With a projected population of 74.5 million in 2050, the UK will require a construction workforce of 1.02 million to support the demands of the country, according to research from Randstad Construction, Property & Engineering.

The research has indicated that in order to achieve the required workforce in 2050, the industry will need to grow by 9,650 personnel a year on average (from 2008), with 663,000 needing to be employed currently in order to be on track. With recent employment growth the workforce is larger than the minimum required, with 875,000 employees.

Owen Goodhead, managing director of Randstad, said: “The UK lost a lot of skilled construction talent over the course of the downturn as overseas markets offered more work and better pay. Fortunately, the domestic construction environment has improved over the last year as large-scale infrastructure projects have boosted demand.

“This demand has allowed the sector to increase the number of people in the workforce, however significant skills gaps are still apparent. Put simply, the number of unskilled workers aren’t an issue for the industry, but attracting and retaining highly skilled people – whether it’s in trades, technical or professions such as surveying – is a challenge that still needs to be tackled. The HMRC’s proposed plans to make it more difficult to prove true self-employment could also have a significant impact if it goes ahead.”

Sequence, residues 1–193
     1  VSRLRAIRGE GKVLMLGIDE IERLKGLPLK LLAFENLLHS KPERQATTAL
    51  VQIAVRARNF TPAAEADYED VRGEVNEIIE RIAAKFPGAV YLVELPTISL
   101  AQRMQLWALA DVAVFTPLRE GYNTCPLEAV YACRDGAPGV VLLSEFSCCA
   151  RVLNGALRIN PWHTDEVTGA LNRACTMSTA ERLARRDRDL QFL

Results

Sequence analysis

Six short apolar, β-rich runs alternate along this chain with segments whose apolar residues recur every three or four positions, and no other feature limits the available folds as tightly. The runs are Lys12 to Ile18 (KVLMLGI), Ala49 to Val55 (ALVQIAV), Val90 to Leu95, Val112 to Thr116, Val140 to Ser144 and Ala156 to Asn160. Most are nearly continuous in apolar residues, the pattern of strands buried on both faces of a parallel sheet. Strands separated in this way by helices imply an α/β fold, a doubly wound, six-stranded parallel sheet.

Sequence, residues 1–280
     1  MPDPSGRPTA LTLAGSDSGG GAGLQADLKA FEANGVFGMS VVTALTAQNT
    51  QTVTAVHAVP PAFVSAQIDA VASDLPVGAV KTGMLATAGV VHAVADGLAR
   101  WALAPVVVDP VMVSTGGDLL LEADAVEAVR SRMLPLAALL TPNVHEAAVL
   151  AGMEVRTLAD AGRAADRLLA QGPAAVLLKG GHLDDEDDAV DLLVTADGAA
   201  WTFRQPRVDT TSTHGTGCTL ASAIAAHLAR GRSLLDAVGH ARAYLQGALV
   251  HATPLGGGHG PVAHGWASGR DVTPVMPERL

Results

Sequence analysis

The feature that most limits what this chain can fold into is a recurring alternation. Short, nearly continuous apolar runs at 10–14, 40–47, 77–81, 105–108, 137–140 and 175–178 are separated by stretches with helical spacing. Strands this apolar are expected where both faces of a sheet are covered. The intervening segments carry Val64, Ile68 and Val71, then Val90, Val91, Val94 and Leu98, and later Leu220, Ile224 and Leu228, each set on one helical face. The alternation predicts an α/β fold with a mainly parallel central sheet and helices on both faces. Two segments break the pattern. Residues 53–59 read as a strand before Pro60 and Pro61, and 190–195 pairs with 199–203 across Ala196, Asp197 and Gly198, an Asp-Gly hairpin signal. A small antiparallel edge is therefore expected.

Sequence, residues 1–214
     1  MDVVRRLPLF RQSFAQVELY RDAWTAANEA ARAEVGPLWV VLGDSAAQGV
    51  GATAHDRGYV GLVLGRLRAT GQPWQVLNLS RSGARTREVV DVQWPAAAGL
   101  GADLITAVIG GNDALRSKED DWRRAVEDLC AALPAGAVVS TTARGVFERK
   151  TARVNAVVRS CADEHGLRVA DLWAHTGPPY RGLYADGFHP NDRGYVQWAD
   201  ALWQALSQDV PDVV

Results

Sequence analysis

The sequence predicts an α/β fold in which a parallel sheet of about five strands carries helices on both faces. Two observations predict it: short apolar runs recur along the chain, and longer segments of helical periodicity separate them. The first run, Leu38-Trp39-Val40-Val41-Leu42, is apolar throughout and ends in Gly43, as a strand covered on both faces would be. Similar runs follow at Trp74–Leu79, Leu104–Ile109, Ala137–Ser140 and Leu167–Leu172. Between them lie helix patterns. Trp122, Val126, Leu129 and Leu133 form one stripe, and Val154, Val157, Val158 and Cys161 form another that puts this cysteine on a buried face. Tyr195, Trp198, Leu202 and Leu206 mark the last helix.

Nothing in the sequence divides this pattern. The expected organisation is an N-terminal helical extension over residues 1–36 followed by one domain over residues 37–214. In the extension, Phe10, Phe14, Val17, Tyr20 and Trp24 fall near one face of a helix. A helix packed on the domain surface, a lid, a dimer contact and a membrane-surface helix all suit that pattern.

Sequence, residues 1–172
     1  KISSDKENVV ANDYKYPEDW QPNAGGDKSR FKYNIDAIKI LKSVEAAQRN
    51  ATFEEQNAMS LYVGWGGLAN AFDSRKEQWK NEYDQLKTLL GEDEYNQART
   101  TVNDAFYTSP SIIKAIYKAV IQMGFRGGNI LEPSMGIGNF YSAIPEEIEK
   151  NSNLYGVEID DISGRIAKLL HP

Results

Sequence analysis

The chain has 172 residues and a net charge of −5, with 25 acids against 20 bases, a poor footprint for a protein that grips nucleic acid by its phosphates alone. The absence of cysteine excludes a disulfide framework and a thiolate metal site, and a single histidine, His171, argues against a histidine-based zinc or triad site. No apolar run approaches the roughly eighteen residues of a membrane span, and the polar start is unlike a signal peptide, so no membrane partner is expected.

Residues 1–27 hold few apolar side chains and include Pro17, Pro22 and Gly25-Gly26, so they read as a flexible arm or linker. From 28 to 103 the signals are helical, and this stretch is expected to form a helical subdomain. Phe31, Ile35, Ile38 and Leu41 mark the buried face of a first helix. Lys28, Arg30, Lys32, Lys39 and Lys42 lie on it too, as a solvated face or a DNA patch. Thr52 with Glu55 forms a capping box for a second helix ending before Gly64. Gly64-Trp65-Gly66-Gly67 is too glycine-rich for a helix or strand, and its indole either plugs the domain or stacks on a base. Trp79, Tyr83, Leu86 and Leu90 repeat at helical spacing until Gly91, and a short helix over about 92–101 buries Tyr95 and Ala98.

This shortfall in skills has also been identified by the Construction Industry Training Board (CITB). In contrast to the Randstad analysis, CITB research draws from a wider employment pool and includes all employees currently working across both the construction and engineering sectors, including qualified engineers, architects and office-based staff.

This employment analysis, combined with a forecast of construction output over the next four years, shows the construction and engineering sector will require 182,000 more staff by 2018 to satisfy demand.

Meanwhile, the engineering sector is lagging behind the required growth rate to fulfil long-term demand. The number of qualified engineers working in the UK has fallen from 340,000 in 2008 to 317,000 in 2013, leaving the industry 48,000 engineers short of the 365,000 needed if the sector is to grow enough to support the population of 2050.

Overall, the UK is currently 268,000 employees short of the number required across key sectors to satisfy the long-term demand of the country.